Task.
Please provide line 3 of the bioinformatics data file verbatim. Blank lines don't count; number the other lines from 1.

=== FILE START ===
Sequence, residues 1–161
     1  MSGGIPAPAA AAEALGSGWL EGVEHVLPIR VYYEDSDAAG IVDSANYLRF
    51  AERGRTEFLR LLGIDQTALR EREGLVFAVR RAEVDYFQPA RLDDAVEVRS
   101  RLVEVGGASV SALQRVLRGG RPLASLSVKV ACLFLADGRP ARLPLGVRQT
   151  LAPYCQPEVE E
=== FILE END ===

    51  AERGRTEFLR LLGIDQTALR EREGLVFAVR RAEVDYFQPA RLDDAVEVRS